Excerpt from Pompeii by Robert Harris, plus links to reviews, author biography & more

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Pompeii

by Robert Harris

Pompeii by Robert Harris
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  • First Published:
    Nov 2003, 304 pages
    Paperback:
    Oct 2004, 368 pages

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After going halfway up an incline and then coming down again, he stopped and turned slowly in a full circle. Either his eyes were getting used to it, or dawn was close now, in which case they were almost out of time. The others had halted behind him. He could hear their heavy breathing. Here was another story for them to take back to Misenum—how their new young aquarius had dragged them from their beds and marched them into the hills in the middle of the night, and all on a fool's errand. There was a taste of ash in his mouth.

"Are we lost, pretty boy?"

Corax's mocking voice again.

He made the mistake of rising to the bait: "I'm looking for a rock."

This time they did not even try to hide their laughter.

"He's running around like a mouse in a pisspot!"

"I know it's here somewhere. I marked it with chalk."

More laughter—and at that he wheeled on them: the squat and broad-shouldered Corax; Becco, the long-nose, who was a plasterer; the chubby one, Musa, whose skill was laying bricks; and the two slaves, Polites and Corvinus. Even their indistinct shapes seemed to mock him. "Laugh. Good. But I promise you this: either we find it before dawn or we shall all be back here tomorrow night. Including you, Gavius Corax. Only next time make sure you're sober."

Silence. Then Corax spat and took a half step forward and the engineer braced himself for a fight. They had been building up to this for three days now, ever since he had arrived in Misenum. Not an hour had passed without Corax trying to undermine him in front of the men.

And if we fight, thought the engineer, he will win—it's five against one—and they will throw my body over the cliff and say I slipped in the darkness. But how will that go down in Rome—if a second aquarius of the Aqua Augusta is lost in less than a fortnight?

For a long instant they faced each other, no more than a pace between them, so close that the engineer could smell the stale wine on the older man's breath. But then one of the others—it was Becco—gave an excited shout and pointed.

Just visible behind Corax's shoulder was a rock, marked neatly in its center by a thick white cross.

Attilius was the engineer's name—Marcus Attilius Primus, to lay it out in full, but plain Attilius would have satisfied him. A practical man, he had never had much time for all these fancy handles his fellow countrymen went in for. ("Lupus," "Panthera," "Pulcher"—"Wolf," "Leopard," "Beauty"—who in hell did they think they were kidding?) Besides, what name was more honorable in the history of his profession than that of the gens Attilia, aqueduct engineers for four generations? His great-grandfather had been recruited by Marcus Agrippa from the ballista section of Legion XII "Fulminata" and set to work building Rome's Aqua Julia. His grandfather had planned the Anio Novus. His father had completed the Aqua Claudia, bringing her into the Esquiline Hill over seven miles of arches, and laying her, on the day of her dedication, like a silver carpet at the feet of the emperor. Now he, at twenty-seven, had been sent south to Campania and given command of the Aqua Augusta.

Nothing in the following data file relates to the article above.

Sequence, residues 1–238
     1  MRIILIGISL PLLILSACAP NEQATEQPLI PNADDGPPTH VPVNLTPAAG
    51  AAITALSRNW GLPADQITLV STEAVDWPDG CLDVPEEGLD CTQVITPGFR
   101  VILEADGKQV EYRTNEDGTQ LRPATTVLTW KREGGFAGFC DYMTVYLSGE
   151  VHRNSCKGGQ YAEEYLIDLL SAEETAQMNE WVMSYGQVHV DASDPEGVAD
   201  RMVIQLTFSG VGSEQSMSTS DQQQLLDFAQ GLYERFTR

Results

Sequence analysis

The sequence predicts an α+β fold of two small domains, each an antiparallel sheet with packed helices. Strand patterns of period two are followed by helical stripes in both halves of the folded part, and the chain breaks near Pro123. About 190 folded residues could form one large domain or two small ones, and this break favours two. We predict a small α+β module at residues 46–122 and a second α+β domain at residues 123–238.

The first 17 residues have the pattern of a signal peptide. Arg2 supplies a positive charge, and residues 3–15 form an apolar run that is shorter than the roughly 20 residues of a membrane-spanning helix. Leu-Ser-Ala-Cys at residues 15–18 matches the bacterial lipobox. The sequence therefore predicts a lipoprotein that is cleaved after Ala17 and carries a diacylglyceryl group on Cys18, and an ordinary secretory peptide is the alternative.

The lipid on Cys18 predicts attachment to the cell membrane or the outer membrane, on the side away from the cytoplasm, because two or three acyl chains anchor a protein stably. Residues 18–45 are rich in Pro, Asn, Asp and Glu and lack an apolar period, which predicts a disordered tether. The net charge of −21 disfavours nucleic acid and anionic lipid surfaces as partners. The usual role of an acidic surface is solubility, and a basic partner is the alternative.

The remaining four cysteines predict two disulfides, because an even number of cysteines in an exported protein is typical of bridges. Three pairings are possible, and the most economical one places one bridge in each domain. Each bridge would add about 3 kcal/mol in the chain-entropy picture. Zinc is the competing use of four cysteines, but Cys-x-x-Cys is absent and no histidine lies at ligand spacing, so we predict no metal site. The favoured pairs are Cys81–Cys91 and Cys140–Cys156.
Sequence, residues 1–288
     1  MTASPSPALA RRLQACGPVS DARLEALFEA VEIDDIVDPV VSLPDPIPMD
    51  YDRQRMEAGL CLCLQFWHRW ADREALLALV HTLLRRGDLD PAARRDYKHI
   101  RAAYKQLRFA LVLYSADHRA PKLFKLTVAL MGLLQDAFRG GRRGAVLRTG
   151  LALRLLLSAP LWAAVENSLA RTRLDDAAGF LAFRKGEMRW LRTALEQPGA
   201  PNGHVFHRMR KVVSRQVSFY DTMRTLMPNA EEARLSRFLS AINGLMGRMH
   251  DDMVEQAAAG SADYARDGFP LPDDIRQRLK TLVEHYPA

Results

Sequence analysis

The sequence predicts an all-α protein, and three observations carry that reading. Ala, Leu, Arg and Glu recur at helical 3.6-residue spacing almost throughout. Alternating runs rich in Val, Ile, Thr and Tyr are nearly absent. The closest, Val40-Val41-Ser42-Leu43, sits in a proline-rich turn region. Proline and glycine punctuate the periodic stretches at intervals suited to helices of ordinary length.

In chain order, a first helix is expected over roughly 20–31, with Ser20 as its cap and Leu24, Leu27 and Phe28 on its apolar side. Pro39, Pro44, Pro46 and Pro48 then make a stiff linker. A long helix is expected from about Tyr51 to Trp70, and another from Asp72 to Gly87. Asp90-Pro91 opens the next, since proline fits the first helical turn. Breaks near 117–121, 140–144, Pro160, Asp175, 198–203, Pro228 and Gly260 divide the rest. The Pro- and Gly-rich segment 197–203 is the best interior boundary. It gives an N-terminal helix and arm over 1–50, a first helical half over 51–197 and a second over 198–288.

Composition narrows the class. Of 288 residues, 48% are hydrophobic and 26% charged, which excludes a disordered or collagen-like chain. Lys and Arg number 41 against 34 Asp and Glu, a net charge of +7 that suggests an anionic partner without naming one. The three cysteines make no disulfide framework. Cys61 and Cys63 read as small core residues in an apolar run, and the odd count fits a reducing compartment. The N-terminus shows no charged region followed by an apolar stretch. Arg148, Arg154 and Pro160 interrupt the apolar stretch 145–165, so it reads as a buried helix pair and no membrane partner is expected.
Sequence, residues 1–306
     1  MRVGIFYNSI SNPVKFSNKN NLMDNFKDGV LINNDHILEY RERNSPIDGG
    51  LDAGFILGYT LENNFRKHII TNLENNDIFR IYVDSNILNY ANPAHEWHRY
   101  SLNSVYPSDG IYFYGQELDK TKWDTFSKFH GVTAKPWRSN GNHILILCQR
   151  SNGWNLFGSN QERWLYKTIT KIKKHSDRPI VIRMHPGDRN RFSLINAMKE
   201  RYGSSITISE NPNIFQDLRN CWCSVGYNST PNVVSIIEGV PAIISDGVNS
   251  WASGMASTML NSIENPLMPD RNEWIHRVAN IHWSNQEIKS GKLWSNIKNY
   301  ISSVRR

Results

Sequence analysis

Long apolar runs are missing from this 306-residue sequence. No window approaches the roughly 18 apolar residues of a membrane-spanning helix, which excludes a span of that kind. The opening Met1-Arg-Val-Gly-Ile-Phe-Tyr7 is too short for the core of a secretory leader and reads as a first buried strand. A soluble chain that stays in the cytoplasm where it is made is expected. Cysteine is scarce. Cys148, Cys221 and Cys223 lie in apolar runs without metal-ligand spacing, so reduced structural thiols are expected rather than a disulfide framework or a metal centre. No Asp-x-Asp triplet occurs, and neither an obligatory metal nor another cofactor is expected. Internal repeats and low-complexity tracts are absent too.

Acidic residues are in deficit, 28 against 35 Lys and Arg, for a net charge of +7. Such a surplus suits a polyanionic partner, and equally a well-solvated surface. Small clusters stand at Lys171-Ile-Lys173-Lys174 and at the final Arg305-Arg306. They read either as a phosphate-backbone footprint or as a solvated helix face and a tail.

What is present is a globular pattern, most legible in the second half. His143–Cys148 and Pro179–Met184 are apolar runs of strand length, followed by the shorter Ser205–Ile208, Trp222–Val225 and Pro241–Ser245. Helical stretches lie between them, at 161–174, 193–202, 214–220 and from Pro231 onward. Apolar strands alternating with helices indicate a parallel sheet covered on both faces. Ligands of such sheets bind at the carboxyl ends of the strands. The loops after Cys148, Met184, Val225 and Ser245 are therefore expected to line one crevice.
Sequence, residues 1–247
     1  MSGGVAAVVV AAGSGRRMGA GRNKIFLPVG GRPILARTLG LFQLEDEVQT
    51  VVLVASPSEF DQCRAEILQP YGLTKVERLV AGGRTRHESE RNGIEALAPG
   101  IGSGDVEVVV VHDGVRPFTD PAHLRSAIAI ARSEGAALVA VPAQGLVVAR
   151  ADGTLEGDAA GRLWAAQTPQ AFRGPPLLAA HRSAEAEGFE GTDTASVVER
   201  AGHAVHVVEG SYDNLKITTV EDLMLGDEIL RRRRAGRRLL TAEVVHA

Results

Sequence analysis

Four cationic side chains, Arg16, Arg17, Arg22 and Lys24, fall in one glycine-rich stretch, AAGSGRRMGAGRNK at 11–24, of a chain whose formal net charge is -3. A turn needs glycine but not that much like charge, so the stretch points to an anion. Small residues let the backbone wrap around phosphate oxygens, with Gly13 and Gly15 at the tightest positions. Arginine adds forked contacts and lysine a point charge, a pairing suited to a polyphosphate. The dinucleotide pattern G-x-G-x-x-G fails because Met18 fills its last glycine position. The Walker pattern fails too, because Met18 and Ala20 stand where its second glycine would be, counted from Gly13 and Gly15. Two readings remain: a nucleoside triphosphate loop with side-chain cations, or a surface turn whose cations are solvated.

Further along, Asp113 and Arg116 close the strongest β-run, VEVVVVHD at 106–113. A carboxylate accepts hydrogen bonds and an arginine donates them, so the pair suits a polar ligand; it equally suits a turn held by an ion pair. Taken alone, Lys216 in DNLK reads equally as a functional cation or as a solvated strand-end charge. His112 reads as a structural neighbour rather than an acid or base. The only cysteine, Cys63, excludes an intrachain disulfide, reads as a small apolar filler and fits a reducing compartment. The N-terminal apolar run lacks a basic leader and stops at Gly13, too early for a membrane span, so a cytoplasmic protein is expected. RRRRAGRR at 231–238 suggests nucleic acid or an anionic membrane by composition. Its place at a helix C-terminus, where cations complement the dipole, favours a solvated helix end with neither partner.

A dynasty built on water!

He squinted into the darkness. Oh, but she was a mighty piece of work, the Augusta—one of the greatest feats of engineering ever accomplished. It was going to be an honor to command her. Somewhere far out there, on the opposite side of the bay, high in the pine-forested mountains of the Apenninus, the aqueduct captured the springs of Serinus and bore the water westward—channeled it along sinuous underground passages, carried it over ravines on top of tiered arcades, forced it across valleys through massive siphons—all the way down to the plains of Campania, then around the far side of Mount Vesuvius, then south to the coast at Neapolis, and finally along the spine of the Misenum peninsula to the dusty naval town, a distance of some sixty miles, with a mean drop along her entire length of just two inches every one hundred yards. She was the longest aqueduct in the world, longer even than the great aqueducts of Rome and far more complex, for whereas her sisters in the north fed one city only, the Augusta's serpentine conduit—the matrix, as they called it: the motherline—suckled no fewer than nine towns around the Bay of Neapolis: Pompeii first, at the end of a long spur, then Nola, Acerrae, Atella, Neapolis, Puteoli, Cumae, Baiae, and finally Misenum.

Excerpted from Pompeii by Robert Harris. Copyright © 2003 by Robert Harris. Excerpted by permission of Random House, a division of Random House, Inc. All rights reserved. No part of this excerpt may be reproduced or reprinted without permission in writing from the publisher.

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